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San Antonio's holiday tamales

Hundreds of thousands of orders pile up for this masa-in-a-husk treat each year.

By Clare Leschin-HoarContributor to The Christian Science Monitor / December 10, 2008

Tellez Tamales & Barbacoa in San Antonio, Texas, urges their customers to place their tamale orders early.

Clare Leschin-Hoar

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San Antonio

It's the aroma that Janice Flores remembers most. When she was a child, nearly two dozen of her aunts, uncles, and cousins would crowd into her grandmother's house in early December to make the family's traditional Christmas tamales. The tamalada (or tamalemaking party) would begin with drinks and snacks, followed by a turkey dinner that was set out for grazing on throughout the day.

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Soon after, the women would disappear into the kitchen.

"It's a very homey feeling. You can't forget going to your grandma's house, and there's no way you can forget the smell, especially when the tamales are being made fresh," says Ms. Flores, now in her 20s.

An informal (but efficient) assembly line would form. Someone, usually Flores' grandmother or aunt, would mix the masa and lard to form the dough, which is the base of the tamale. From there it would be spread thinly onto a corn husk with wet hands and spoons and passed to the next person, who would add the pork, garlic, and chili mixture used for the filling, and then pass it down the line to be folded and wrapped. By early evening, 40 dozen tamales would have been bundled and set in the freezer in anticipation of the family's Christmas celebrations.

If at this point you're picturing a flavorless, cornmeal-heavy brick that's too far on the dry side, wrap that image back up in the corn husk it came in. The tamales Flores' and her family make aren't like that at all. They're typical of those you'll find throughout San Antonio and southern Texas: Full of flavor and shaped like a thick cigar, the masa is moist and delicate. In this region, it's the filling that's the star – be it traditional pork, a bean and jalapeño version, or even a sweet tamale made with raisins, pecans, and cinnamon.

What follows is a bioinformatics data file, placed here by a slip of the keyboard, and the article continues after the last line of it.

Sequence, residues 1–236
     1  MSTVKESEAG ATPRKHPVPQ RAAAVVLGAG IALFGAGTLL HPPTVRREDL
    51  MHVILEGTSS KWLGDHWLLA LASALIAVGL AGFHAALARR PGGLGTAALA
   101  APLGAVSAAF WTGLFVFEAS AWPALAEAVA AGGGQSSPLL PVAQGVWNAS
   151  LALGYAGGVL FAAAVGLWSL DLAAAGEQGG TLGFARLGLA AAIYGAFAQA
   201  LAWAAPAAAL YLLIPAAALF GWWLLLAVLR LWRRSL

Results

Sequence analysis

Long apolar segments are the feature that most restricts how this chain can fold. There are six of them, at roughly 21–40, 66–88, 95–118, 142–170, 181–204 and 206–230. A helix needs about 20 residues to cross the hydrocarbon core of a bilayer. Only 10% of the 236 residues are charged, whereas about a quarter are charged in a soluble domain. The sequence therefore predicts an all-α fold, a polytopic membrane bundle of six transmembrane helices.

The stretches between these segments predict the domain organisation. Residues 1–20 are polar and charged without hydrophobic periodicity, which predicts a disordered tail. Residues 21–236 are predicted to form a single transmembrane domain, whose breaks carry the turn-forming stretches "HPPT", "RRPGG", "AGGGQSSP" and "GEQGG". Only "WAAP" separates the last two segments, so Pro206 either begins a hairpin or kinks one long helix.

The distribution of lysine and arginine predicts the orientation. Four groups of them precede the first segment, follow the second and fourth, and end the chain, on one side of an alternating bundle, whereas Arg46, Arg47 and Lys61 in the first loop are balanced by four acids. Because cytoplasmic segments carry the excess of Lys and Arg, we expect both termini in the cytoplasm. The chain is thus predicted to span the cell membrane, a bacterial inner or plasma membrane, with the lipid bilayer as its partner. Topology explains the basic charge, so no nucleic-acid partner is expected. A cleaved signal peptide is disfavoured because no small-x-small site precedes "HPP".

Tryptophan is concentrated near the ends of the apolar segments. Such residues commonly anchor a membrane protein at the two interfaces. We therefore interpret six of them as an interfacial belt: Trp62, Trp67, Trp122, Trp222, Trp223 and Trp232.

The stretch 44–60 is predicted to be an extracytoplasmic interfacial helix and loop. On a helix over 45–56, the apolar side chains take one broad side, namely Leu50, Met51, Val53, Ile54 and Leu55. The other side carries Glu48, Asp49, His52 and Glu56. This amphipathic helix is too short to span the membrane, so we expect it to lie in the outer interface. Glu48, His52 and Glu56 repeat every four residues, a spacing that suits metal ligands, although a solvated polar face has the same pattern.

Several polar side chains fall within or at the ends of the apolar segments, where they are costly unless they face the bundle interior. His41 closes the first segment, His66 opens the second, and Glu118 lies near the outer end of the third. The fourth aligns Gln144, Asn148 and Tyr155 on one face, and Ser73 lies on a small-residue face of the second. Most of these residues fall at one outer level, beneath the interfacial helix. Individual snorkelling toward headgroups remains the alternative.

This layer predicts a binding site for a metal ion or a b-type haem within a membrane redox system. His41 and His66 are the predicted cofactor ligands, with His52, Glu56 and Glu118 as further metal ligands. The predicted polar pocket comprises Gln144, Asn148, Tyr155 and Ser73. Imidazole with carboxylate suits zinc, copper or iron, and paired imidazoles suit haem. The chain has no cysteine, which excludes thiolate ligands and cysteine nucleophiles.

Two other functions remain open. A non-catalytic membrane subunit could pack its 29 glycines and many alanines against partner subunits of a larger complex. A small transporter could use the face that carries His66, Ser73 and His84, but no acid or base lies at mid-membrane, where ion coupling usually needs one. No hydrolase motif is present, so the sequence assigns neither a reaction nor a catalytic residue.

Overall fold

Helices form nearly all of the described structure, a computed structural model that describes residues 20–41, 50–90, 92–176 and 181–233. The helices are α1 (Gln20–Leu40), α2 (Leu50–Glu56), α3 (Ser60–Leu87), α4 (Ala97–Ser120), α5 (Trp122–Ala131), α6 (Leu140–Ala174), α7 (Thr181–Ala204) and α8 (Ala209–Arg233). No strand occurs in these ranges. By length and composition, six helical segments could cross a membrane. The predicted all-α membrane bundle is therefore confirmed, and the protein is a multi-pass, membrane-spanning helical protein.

"Everyone looks for what's inside," says Flores, now a line cook at Las Canarias restaurant. "A really good tamale, you stuff it as much as you can. You don't want more dough than filling, and they're juicier in San Antonio."

But not every family still has an abuela (grandmother) around to pass the tamale torch, or the time to set aside for a full tamalada. They have to hope they make a tamalemaker's gift list or that neighbors are selling handmade tamales door-to-door during the season.

Others count on restaurants to do the labor-intensive tamalemaking process. By early November, restaurants around San Antonio are nudging customers to place their orders so they can avoid the long lines that can snake around an eatery in the days just before Christmas. Places such as Tellez Tamales & Barbacoa, Delicious Tamales, and Mi Tierra help satisfy the city's Christmas tamale mania with a staggeringly large amount of the traditional food.

"We make over 50,000 for the holiday," says Luiz Tellez. "We have 14 people in the back making tamales until we just can't make them any more."

At fourth-generation, family-run Mi Tierra, Michael Cortez says they sell roughly 250,000 tamales between early December and New Year's Day. And while those figures seem huge, Delicious Tamales dwarfs them by churning out nearly 1.75 million for the holiday season alone, says owner Valerie Gonzalez.

At El Mirador, however, you have to be part of the family or a serious VIP customer of the restaurant to score one of the tamales handmade by 98-year-old Mary Trevino.

"It's a very private club," says owner Julian Trevino, her son. "She starts on it after Thanksgiving and has a crew of three or four who will work on them four to five hours a day. Everything is made from scratch, and she's very, very particular. There are no fats on the meats, and what make hers different are the spices."

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